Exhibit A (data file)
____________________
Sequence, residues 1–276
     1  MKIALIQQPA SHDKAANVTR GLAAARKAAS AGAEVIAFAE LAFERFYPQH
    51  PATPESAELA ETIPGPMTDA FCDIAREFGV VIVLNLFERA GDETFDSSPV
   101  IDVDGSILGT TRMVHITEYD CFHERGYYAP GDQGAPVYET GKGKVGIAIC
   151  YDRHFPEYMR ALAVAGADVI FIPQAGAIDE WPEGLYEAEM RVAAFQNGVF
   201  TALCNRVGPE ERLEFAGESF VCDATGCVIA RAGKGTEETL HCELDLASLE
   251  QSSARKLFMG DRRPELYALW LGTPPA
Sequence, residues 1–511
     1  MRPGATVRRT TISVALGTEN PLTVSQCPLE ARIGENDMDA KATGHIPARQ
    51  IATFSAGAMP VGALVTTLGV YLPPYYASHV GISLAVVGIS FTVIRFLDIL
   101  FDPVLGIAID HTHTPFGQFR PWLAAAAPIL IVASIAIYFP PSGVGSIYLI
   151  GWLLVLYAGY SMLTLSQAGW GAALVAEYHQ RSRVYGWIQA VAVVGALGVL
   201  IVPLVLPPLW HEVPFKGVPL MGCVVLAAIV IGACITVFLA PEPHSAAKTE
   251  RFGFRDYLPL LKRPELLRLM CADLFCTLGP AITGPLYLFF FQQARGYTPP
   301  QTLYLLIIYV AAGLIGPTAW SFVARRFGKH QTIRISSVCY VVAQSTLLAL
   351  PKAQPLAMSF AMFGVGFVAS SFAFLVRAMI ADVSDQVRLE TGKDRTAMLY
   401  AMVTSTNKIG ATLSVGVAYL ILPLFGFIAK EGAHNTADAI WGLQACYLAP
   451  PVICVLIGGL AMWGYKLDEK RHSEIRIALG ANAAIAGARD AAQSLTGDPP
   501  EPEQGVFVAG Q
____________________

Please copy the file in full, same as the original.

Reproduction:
Sequence, residues 1–276
     1  MKIALIQQPA SHDKAANVTR GLAAARKAAS AGAEVIAFAE LAFERFYPQH
    51  PATPESAELA ETIPGPMTDA FCDIAREFGV VIVLNLFERA GDETFDSSPV
   101  IDVDGSILGT TRMVHITEYD CFHERGYYAP GDQGAPVYET GKGKVGIAIC
   151  YDRHFPEYMR ALAVAGADVI FIPQAGAIDE WPEGLYEAEM RVAAFQNGVF
   201  TALCNRVGPE ERLEFAGESF VCDATGCVIA RAGKGTEETL HCELDLASLE
   251  QSSARKLFMG DRRPELYALW LGTPPA
Sequence, residues 1–511
     1  MRPGATVRRT TISVALGTEN PLTVSQCPLE ARIGENDMDA KATGHIPARQ
    51  IATFSAGAMP VGALVTTLGV YLPPYYASHV GISLAVVGIS FTVIRFLDIL
   101  FDPVLGIAID HTHTPFGQFR PWLAAAAPIL IVASIAIYFP PSGVGSIYLI
   151  GWLLVLYAGY SMLTLSQAGW GAALVAEYHQ RSRVYGWIQA VAVVGALGVL
   201  IVPLVLPPLW HEVPFKGVPL MGCVVLAAIV IGACITVFLA PEPHSAAKTE
   251  RFGFRDYLPL LKRPELLRLM CADLFCTLGP AITGPLYLFF FQQARGYTPP
   301  QTLYLLIIYV AAGLIGPTAW SFVARRFGKH QTIRISSVCY VVAQSTLLAL
   351  PKAQPLAMSF AMFGVGFVAS SFAFLVRAMI ADVSDQVRLE TGKDRTAMLY
   401  AMVTSTNKIG ATLSVGVAYL ILPLFGFIAK EGAHNTADAI WGLQACYLAP
   451  PVICVLIGGL AMWGYKLDEK RHSEIRIALG ANAAIAGARD AAQSLTGDPP
   501  EPEQGVFVAG Q